(pictured below contradicting the Thought for the Day)
On his death in 2005, I wrote:
Even if he was not writing, it was enough to know that Saul Bellow was alive and thinking. When I heard the news of his death on the radio on Wednesday morning, I screamed aloud in rage and sorrow because what Bellow had to tell us in his fiction was that it was worth it, being alive.
His vigour, vitality, humour and passion were always matched by the insistence on thought, not the predigested cliches of the mass media or of those on the left which had began to disgust him by the Sixties. 'I knew that what you need in a big American city was a deep no-affect belt, a critical mass of indifference,' he wrote in Humboldt's Gift. The Bellow character kept insisting on the right to feel that something mattered, it was an entirely personal integrity, the keeping of the terms of a contract, which was to know. And those characters knew a lot - the social conditions of the tenements they grew up in, Aristotle, Tolstoy, Al Capone. How to dress, how to make love.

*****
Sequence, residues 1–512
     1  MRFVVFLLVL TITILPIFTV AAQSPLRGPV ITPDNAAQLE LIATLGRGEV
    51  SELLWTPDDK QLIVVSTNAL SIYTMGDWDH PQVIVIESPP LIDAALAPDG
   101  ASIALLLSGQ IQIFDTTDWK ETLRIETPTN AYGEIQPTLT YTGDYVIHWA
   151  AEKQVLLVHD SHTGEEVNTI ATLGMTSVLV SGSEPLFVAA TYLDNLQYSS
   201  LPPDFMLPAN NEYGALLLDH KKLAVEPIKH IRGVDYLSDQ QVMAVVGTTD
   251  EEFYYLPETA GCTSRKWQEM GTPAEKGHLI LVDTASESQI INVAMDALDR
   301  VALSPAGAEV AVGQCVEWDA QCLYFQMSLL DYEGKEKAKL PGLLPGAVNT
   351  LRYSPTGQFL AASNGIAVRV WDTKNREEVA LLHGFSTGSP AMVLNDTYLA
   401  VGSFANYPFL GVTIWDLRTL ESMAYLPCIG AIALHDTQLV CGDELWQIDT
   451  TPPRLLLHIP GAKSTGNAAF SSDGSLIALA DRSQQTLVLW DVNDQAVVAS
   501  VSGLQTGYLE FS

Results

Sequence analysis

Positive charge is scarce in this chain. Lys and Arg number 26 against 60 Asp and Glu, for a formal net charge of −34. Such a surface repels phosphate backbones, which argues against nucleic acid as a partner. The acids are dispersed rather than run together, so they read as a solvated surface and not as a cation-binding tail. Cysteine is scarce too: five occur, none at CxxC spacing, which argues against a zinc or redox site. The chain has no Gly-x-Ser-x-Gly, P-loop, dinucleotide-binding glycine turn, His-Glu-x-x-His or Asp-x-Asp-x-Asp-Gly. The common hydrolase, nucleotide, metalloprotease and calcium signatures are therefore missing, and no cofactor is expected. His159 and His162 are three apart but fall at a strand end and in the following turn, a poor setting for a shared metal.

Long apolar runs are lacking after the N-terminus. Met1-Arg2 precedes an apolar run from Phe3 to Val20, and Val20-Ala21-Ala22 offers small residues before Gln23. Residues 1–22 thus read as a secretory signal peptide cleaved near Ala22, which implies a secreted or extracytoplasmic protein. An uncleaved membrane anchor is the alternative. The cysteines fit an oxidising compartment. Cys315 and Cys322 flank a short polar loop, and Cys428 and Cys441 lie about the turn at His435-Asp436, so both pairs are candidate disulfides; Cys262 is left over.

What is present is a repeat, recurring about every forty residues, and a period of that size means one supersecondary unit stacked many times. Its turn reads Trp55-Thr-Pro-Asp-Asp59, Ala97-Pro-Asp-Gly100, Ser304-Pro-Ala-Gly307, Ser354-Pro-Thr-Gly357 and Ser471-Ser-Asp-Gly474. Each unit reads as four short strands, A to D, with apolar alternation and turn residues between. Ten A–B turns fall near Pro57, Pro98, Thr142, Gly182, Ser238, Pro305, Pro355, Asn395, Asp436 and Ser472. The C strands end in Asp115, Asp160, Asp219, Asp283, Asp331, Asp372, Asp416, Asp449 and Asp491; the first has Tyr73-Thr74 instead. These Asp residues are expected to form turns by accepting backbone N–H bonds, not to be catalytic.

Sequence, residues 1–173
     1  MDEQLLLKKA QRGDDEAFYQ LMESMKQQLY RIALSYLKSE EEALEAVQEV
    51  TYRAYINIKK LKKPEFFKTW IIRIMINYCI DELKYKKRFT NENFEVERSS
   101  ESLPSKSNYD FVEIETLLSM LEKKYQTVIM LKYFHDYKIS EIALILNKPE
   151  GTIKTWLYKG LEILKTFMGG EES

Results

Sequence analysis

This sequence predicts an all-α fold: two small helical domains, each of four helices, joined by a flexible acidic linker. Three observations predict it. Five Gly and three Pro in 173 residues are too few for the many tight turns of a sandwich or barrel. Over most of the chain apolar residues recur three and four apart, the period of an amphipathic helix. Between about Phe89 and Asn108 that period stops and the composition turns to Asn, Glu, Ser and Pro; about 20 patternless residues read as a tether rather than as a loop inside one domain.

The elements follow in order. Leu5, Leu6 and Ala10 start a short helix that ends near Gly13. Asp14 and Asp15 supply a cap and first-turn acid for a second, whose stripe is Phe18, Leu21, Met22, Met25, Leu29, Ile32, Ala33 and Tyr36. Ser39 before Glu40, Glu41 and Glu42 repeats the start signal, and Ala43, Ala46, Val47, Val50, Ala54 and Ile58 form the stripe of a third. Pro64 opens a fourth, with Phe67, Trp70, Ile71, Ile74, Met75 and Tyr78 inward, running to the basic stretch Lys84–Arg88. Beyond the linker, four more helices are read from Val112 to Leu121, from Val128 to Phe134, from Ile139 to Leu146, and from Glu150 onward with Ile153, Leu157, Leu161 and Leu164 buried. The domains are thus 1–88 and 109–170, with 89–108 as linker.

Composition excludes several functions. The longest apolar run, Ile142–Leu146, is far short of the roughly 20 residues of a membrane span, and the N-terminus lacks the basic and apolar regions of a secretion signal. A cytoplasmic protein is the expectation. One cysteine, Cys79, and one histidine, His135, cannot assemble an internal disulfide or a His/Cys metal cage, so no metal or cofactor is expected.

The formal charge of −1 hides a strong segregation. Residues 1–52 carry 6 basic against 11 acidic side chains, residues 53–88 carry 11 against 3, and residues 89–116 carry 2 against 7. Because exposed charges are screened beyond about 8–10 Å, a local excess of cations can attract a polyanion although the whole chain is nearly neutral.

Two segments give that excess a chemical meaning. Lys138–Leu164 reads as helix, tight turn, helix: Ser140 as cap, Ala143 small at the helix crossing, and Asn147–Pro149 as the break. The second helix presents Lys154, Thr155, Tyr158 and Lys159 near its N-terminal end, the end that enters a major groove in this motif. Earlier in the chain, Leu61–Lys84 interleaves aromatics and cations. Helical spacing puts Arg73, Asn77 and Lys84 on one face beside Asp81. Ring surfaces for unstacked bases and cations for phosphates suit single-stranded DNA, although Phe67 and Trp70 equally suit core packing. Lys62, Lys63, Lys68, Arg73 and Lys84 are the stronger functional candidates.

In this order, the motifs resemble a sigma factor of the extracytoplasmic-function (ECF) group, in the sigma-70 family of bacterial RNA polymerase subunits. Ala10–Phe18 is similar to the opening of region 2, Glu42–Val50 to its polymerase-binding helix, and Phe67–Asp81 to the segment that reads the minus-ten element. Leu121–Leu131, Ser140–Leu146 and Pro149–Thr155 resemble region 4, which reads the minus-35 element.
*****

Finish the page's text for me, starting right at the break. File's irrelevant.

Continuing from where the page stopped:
. . .
Bellow was a writer about conscience and consciousness, forever conflicted by the competing demands of the great cities, the individual's urge to survival against all odds and his equal need for love and some kind of penetrating understanding of what there was of significance beyond all the racket and racketeering.
In the Fifties, he shared a place with Arthur Miller in Nevada while they fulfilled the residency requirements to divorce their wives. Bellow would go out to the desert and practise the therapy of the moment, the primal scream. That was him: I want I want I want. The yearning soul, now, unbelievably, silent.